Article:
A Den of Robbers – Monday in Holy Week

As hard as it is to believe, Holy Week is upon us.  In just a few short days, we’ll be in the midst of the Paschal Triduum, remembering those final acts of love and devotion that brought salvation to the world.  At Saint Paul’s, we remember this week by walking with Jesus day by day through the Gospel of Mark.  As such, I’ll be reflecting on those daily lessons here at Draughting Theology.  Today’s lesson is Mark 11:12-19: Jesus Clears the Temple.



I’ve always been interested in the fit that Jesus throws in the Temple.  In the Synoptics, it happens (roughly) on Monday in Holy Week, while in John it comes right at the beginning of his ministry.  John’s version has Jesus upset that the Temple has become an emporium, while the Synoptics all have Jesus quoting Isaiah 56:7 in his admonition: “Is it not written, ‘My house shall be called a house of prayer for all people’? But you have made it a den of robbers.”

The word translated as “robbers” comes from the word for “to plunder.”  As in, the Temple has become a place where people who don’t belong are taking what is the rightful possession of someone else.  The money changers, the sacrifice salesmen, even the priests themselves have forcibly removed the God of all creation from his holy Temple and are taking the religious devotion of the people as profit for themselves.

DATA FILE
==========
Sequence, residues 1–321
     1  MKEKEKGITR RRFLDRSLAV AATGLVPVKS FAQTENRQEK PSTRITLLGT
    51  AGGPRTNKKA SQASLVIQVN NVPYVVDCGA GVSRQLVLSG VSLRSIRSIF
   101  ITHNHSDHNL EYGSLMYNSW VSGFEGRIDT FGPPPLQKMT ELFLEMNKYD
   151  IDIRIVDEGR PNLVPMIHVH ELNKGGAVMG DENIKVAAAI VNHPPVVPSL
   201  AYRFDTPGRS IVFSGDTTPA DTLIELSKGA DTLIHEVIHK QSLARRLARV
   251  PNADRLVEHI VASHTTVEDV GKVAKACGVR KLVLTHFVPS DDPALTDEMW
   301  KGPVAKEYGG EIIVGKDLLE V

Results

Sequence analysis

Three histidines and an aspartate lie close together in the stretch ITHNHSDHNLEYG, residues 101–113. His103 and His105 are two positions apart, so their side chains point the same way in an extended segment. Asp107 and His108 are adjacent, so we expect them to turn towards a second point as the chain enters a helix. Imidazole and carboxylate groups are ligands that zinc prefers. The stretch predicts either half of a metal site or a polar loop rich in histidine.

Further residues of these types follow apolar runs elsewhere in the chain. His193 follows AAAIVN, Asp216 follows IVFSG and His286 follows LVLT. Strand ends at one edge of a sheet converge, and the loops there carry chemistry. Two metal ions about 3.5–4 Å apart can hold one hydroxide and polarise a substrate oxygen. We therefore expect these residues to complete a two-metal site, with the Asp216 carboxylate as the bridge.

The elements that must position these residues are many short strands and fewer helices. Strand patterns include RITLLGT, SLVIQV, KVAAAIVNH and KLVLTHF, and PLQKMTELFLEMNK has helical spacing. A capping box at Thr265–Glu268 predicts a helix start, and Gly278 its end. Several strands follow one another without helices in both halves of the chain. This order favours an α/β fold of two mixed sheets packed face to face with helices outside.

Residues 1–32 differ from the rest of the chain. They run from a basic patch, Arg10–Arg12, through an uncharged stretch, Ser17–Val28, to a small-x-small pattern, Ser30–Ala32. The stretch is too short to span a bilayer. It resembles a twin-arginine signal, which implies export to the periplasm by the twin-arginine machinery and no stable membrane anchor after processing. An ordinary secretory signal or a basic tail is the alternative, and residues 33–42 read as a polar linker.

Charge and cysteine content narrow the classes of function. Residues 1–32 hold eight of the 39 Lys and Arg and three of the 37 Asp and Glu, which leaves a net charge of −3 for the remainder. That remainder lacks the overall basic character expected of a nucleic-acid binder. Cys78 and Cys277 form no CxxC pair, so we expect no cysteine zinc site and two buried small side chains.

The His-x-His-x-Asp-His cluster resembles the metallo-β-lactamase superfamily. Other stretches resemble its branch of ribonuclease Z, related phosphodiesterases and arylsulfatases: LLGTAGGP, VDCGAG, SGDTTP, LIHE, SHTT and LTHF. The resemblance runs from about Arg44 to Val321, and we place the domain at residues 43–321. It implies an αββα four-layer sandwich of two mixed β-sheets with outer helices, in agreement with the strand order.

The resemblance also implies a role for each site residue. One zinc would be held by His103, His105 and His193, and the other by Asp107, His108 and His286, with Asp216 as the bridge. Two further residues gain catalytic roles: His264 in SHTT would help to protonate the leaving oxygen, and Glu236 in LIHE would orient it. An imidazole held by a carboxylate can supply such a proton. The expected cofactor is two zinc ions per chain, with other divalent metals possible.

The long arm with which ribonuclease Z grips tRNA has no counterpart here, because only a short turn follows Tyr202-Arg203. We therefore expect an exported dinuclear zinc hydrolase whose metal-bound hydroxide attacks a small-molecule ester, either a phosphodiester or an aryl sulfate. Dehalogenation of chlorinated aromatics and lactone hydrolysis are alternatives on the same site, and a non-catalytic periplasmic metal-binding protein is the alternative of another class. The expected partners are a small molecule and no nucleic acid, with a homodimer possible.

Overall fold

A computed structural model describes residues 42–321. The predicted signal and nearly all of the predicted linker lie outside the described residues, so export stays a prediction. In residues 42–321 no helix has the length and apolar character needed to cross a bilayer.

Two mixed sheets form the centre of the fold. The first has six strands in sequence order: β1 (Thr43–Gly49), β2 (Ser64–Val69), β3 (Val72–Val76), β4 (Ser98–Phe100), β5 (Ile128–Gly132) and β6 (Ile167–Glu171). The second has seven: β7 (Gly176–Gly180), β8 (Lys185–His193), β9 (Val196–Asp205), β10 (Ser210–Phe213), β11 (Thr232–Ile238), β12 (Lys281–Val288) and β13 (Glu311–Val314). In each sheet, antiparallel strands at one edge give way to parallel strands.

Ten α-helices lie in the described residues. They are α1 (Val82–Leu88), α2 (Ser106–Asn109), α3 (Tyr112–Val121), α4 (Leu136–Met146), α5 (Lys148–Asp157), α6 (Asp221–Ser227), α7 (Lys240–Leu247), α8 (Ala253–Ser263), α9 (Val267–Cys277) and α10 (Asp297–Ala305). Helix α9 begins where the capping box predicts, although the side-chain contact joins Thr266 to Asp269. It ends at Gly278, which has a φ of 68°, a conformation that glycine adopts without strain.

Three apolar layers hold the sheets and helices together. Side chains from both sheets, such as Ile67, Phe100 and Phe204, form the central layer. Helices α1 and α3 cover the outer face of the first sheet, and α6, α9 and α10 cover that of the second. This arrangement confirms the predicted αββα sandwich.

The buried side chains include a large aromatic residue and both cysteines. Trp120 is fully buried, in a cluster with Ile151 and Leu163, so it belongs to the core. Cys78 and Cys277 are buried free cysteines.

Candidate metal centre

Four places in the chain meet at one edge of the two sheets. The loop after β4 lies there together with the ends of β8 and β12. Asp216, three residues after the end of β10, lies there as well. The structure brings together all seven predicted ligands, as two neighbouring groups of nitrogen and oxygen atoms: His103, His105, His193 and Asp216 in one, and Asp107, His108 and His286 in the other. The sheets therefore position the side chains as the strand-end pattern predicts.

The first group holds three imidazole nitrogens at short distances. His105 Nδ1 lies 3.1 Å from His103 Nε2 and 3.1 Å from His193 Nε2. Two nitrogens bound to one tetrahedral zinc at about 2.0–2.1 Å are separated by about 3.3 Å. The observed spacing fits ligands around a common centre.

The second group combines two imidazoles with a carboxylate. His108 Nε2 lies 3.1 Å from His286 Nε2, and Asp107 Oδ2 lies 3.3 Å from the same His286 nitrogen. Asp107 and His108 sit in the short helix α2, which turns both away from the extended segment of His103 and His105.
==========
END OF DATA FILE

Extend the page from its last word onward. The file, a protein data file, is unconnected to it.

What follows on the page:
This point was brought home to me in the Psalm appointed for Morning Prayer today:

Had you desired it, I would have offered sacrifice, *
but you take no delight in burnt-offerings.
The sacrifice of God is a troubled spirit; *
a broken and contrite heart, O God, you will not despise.

Psalm 51 is read on Ash Wednesday, and to read it again today makes for a nice bookend to Lent, but it also strikes as a harsh reminder for church leaders that God desires much more than our going through the motions.  As we encourage our people to walk the Way of the Cross, it isn’t about what they might get out of it. it isn’t about having good numbers to write in our service books.  Instead, it is about the opportunity to contemplate on those might acts, by which we have been given immortality through Jesus Christ.  By meditating on the love of God that took Jesus to the cross, we might find within ourselves something stronger than burnt-offerings: a broken and contrite heart.


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